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Whose Criminal Justice?: State or Community? [Paperback]

Katherine Doolin , Doolin
5.0 out of 5 stars  See all reviews (1 customer review)
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Book Description

Feb. 21 2011 190438062X 978-1904380627
All the editors and contributors to this book are members of The University of Birmingham's 'Community and Criminal Justice Group' (BCCJ Group). Drawing on the different disciplines of law, criminology, forensic psychology, social work and public management, they explore the shifts and progress made in criminal justice in England and Wales over the past two decades and highlight the possibilities and pitfalls for the future. The overarching theme of the book is the balance between the role of central government in creating and shaping the regulatory framework of criminal justice and the potential for communities at local level to become more involved and to exercise more responsibility for themselves in responding to crime and anti-social behaviour in their midst. These twin dynamics are explored in the two main sections of the book. In Part I (The Regulatory State) through a series of case-studies, the authors examine how the central state has sought to address the risks and problems associated with crime and anti-social behaviour in modern times. They consider the new context for law and order which arose during the period under consideration and ask how and why new sanctions were put in place to regulate particular kinds of behaviour. They also highlight some of the unintended consequences, notably the criminalisation of more people. Then in Part II (Empowered Communities as Stakeholders in Criminal Justice) the book explores the potential for local communities playing a greater role in addressing the problems of crime and anti-social behaviour in their own neighbourhoods. In this section of the book the authors also consider the prospects for crime reduction through a more 'localist' approach in which citizens and communities play a more active part in a 'big society'. The book provides a timely and topical stock-taking of key issues and challenges within criminal justice. Through an exploration of the relative strengths and limitations of 'centrist' and 'localist' approaches to tackling crime and anti-social behaviour, it also offers a prescription of principles and priorities for a way forward. Reviews 'A riveting book which identifies the main criminal justice issues that need to be addressed by the government': Internet Law Book Reviews 'This is an extremely comprehensive text that has been written and constructed in an accessible way for students of this subject. The focus on risk, risk management and actuarialism in Chapter three provides a well-rounded and persuasive discussion over the extent of control and risk strategies. The issue of rights and liberties is maintained as a dominant thread throughout and readers are presented with a critical enagement with the practical, political and conceptual realities of modern criminal justice': Paul Taylor, University of Chester 'This collection represents a timely discussion of one of the key issues facing criminal justice over the next decade: namely how to reconcile the new drive for localism with the need to ensure fairness and efficiency in an increasingly complex criminal justice system': Stephen Shute, Head of Sussex University Law School 'Policy makers and practitioners would do well to reflect on the wisdom that is contained in this book': David Faulkner, University of Oxford Centre for Criminological Research.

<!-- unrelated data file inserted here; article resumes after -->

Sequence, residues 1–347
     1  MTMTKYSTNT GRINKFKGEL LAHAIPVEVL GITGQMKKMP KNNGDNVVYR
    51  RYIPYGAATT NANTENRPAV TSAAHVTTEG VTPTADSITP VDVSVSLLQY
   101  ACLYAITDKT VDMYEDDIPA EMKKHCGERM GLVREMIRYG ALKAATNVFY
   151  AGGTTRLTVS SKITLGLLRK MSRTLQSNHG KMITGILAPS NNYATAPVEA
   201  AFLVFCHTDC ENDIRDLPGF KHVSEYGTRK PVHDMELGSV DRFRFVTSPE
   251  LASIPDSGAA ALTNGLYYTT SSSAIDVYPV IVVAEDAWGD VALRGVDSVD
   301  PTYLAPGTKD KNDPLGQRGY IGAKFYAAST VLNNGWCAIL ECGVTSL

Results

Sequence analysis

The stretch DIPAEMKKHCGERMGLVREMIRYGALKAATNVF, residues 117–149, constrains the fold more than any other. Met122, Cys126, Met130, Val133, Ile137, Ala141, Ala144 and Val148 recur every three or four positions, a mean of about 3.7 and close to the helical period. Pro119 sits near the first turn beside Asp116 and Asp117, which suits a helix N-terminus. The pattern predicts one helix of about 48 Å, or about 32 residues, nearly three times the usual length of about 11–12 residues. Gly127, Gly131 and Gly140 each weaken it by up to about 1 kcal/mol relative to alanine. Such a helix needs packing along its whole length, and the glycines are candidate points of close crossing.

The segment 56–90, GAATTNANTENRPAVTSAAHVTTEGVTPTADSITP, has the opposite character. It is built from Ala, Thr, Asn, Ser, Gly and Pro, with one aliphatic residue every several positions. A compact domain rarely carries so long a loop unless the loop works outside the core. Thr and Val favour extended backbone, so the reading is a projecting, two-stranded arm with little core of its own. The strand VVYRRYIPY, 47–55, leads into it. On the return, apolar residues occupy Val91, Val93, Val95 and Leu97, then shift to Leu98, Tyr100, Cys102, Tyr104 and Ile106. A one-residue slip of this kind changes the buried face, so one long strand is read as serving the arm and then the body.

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Review